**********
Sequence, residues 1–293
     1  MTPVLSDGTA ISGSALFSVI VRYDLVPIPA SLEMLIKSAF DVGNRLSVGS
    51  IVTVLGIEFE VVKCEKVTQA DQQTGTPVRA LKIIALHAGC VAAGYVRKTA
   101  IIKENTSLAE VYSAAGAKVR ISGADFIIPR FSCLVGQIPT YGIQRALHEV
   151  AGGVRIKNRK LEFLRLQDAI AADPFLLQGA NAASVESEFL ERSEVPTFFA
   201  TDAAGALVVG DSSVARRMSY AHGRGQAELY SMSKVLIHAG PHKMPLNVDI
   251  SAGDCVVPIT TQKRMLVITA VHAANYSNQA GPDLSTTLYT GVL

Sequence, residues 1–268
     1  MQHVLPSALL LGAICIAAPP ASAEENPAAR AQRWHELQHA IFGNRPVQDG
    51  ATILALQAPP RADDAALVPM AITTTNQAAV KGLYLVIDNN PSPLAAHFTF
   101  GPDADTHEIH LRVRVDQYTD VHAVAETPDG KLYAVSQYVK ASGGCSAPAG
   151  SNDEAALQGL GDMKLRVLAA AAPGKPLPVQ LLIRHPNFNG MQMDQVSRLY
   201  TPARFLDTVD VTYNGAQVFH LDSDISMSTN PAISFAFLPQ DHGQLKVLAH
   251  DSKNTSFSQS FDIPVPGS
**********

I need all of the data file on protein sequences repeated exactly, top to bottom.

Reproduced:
Sequence, residues 1–293
     1  MTPVLSDGTA ISGSALFSVI VRYDLVPIPA SLEMLIKSAF DVGNRLSVGS
    51  IVTVLGIEFE VVKCEKVTQA DQQTGTPVRA LKIIALHAGC VAAGYVRKTA
   101  IIKENTSLAE VYSAAGAKVR ISGADFIIPR FSCLVGQIPT YGIQRALHEV
   151  AGGVRIKNRK LEFLRLQDAI AADPFLLQGA NAASVESEFL ERSEVPTFFA
   201  TDAAGALVVG DSSVARRMSY AHGRGQAELY SMSKVLIHAG PHKMPLNVDI
   251  SAGDCVVPIT TQKRMLVITA VHAANYSNQA GPDLSTTLYT GVL

Sequence, residues 1–268
     1  MQHVLPSALL LGAICIAAPP ASAEENPAAR AQRWHELQHA IFGNRPVQDG
    51  ATILALQAPP RADDAALVPM AITTTNQAAV KGLYLVIDNN PSPLAAHFTF
   101  GPDADTHEIH LRVRVDQYTD VHAVAETPDG KLYAVSQYVK ASGGCSAPAG
   151  SNDEAALQGL GDMKLRVLAA AAPGKPLPVQ LLIRHPNFNG MQMDQVSRLY
   201  TPARFLDTVD VTYNGAQVFH LDSDISMSTN PAISFAFLPQ DHGQLKVLAH
   251  DSKNTSFSQS FDIPVPGS